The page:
Published online Feb 27, 2016. doi: 10.4240/wjgs.v8.i2.143
Peer-review started: May 7, 2015
First decision: October 21, 2015
Revised: November 19, 2015
Accepted: December 8, 2015
Article in press: December 11, 2015
Published online: February 27, 2016
Minimal access surgery has revolutionised colorectal surgery by offering reduced morbidity and mortality over open surgery, while maintaining oncological and functional outcomes with the disadvantage of additional practical challenges. Robotic surgery aids the surgeon in overcoming these challenges. Uptake of robotic assistance has been relatively slow, mainly because of the high initial and ongoing costs of equipment but also because of limited evidence of improved patient outcomes. Advances in robotic colorectal surgery will aim to widen the scope of minimal access surgery to allow larger and more complex surgery through smaller access and natural orifices and also to make the technology more economical, allowing wider dispersal and uptake of robotic technology. Advances in robotic endoscopy will yield self-advancing endoscopes and a widening role for capsule endoscopy including the development of motile and steerable capsules able to deliver localised drug therapy and insufflation as well as being recharged from an extracorporeal power source to allow great longevity. Ultimately robotic technology may advance to the point where many conventional surgical interventions are no longer required. With respect to nanotechnology, surgery may eventually become obsolete.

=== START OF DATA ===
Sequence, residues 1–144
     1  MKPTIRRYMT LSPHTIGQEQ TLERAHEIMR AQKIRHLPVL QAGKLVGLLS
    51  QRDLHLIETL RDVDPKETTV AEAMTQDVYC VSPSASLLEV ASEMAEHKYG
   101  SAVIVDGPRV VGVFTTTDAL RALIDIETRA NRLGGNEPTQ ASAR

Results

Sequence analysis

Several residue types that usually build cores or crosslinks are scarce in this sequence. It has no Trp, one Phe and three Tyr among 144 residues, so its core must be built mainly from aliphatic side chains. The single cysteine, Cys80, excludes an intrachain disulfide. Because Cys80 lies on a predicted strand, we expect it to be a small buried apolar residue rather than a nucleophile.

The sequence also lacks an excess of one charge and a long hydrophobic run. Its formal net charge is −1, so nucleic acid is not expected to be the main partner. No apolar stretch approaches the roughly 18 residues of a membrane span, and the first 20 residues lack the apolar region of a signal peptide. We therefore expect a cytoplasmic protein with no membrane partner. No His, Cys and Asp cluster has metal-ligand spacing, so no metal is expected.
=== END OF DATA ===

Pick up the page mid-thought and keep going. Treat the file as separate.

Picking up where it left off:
Core tip: Robotic assistance has the potential to revolutionise the way colorectal surgery is delivered. This overview summarises the current status of robotic colorectal surgery and considers the direction of developments in robotic and endoscopic surgery and future developments in micro- and nanotechnology.